Market Square in my opinion is getting close to being a perfect urban space but it has a few areas to be addressed. Three sides of the square are nearly complete, needing minor tweaking, but there is the incompatible north side, the edifice of TVA.  My stepfather was working for TVA when the decision was made to build this complex. He was on the side of pushing for architecture only to lose to those who felt that a public utility should appear as fiscally responsible as possible.  How shortsighted that was.  TVA did not take into consideration its responsibility as a public institution to contribute to the viable future of the downtown and the environment that would make downtown desirable for working and living. It’s not too late!

Market Square is like the living room of the city, a place where we put our best foot forward, welcome our guests and shower them with hospitality.


  1. Larry Griffin says

    Very nice indeed, David! Thanks.

  2. Jean Galyon says

    I agree. Thank you for the warm description of the downtown and Market Square. I think you nailed it.

  3. Diane Davidson says

    Excellent commentary, David! You describe well the place-making characteristics that draw residents and visitors to Market Square as the living room of Knoxville. I agree 100% about the cold and off-putting architecture of the TVA buildings. Thanks for the article.

    • FutureDowntownDevelopment says

      I am not sure that I agree with you. They do seem “cold” but they do provide modernity (albeit dated) in the city. I am somewhat concerned that downtown has become overtaken with bars/restaurants, although I do understand that they were necessary for its revitalization. I would like to see more varied businesses downtown but that may be more a function of the market than personal wishes.

      One could argue that the Knox. Chamber should be more visible on the Gay St. rather than an interior courtyard. I, myself, would like to see more activity on Main St. as it goes rather quiet on evenings and weekends. Something also needs to be done to connect downtown to the other “downtown”, the U. of T. I think the metro area hears the word, “downtown” and thinks of U.T., while downtown politicos/developers only think of the immediate downtown around their offices. Perhaps, U.T. could help out the process by building a bridge from their garage at 11th St. into the World’s Fair Park and provide a more level walking/biking connection into downtown area. As much as like our geography, sometimes we must overcome it.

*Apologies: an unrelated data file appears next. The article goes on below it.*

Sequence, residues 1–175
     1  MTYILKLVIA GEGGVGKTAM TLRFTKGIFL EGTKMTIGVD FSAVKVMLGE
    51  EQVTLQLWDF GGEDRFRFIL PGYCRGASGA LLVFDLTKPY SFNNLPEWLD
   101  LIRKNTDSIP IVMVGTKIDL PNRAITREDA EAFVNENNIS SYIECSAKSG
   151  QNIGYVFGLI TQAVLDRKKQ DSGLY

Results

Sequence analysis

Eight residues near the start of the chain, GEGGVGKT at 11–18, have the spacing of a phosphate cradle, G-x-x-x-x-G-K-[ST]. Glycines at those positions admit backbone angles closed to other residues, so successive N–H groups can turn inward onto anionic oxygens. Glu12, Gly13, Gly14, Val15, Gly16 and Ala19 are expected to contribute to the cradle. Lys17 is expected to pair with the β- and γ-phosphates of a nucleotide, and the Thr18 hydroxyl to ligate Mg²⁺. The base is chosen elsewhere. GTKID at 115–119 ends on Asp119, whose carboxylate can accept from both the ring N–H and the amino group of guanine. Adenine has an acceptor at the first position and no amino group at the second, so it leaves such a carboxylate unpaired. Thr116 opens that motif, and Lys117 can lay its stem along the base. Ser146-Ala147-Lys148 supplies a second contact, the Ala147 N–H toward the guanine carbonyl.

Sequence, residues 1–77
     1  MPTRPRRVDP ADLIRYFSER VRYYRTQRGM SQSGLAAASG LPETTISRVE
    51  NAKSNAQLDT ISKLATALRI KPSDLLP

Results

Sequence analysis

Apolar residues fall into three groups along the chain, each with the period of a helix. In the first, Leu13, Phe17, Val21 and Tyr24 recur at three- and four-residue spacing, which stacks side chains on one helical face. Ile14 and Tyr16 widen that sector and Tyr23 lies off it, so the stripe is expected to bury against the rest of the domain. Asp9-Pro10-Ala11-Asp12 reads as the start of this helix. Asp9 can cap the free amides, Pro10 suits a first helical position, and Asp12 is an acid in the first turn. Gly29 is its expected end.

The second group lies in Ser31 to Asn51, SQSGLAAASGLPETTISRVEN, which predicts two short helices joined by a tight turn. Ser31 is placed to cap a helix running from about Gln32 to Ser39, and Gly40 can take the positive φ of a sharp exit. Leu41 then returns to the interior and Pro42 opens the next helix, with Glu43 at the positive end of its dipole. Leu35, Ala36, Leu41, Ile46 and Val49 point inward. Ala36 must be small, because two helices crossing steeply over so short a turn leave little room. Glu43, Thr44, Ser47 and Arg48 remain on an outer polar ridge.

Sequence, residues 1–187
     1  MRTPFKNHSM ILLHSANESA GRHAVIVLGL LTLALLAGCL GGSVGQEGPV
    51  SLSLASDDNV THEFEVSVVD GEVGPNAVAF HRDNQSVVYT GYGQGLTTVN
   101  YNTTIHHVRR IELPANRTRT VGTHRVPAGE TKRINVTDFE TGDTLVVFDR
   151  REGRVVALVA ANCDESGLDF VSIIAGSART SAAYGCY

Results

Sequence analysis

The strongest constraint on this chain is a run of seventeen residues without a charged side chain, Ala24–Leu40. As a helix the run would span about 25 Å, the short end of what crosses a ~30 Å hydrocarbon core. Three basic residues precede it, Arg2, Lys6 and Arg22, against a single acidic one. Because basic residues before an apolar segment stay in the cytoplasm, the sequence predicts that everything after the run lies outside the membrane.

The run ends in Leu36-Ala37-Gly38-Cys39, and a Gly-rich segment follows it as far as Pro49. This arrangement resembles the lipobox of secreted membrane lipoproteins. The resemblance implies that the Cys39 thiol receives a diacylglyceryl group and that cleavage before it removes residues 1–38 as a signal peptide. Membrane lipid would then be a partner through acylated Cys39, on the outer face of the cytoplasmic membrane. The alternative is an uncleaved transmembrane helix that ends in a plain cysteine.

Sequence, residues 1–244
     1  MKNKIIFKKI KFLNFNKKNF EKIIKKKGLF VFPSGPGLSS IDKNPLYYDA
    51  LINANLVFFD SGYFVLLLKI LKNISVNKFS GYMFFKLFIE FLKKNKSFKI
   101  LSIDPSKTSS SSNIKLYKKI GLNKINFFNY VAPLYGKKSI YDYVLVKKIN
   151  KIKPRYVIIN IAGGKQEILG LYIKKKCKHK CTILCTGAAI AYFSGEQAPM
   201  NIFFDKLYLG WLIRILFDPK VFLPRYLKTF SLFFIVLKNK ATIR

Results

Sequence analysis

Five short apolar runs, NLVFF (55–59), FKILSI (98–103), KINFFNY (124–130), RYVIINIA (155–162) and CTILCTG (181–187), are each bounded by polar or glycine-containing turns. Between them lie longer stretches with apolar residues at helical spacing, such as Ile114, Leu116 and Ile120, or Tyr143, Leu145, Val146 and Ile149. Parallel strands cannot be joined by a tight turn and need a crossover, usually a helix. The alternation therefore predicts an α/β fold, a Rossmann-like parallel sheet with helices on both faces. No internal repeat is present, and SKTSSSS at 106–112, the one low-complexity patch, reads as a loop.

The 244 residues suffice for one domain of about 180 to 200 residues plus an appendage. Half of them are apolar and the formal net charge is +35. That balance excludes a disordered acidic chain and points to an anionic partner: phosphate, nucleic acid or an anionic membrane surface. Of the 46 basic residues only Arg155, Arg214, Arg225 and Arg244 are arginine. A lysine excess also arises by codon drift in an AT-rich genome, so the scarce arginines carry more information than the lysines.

4. FutureDowntownDevelopment says

    Agree with all about the Square. I am also wondering about the Old City and how it needs to find a way to stand apart from the Square. There seems to be a movement in the state to allow open containers (alcohol) in certain entertainment districts. Could this work in the Old City? Could they block off the main streets in the Old City and enlarge the street/sidewalk area for holidays and/or weekends and re-open them during the workweek? Just curious if any else has any ideas for that area?

  5. Everything David Denton touches is golden. Here, the pen and the camera.

  6. Well done! (again)

  7. TVA essentially locks in the north side of the square preventing it from bein a U. With TVA constantly shrinking can see a time it will be gone. That would open up the square and altering its communal quality. A loss I would say. Old City is the new Market Square with galleries and some former MS retail. Best news is life is lived large where once it was spiders and cobwebs and broken windows.

  8. Downtown Worker says

    Regarding the inexplicable stone walkway, I always thought it was to cover up a desire path? I don’t mind it at all, I use it quite a bit when the square gets crowded.

  9. Well that was so well written and thought out. It’s all so true.

  10. As usual, you’ve garnered our imaginations with the sharing of yours David. Thank you! You add to the character of Knoxvile making it a nice place to live and a comfortable place to share our own ideas.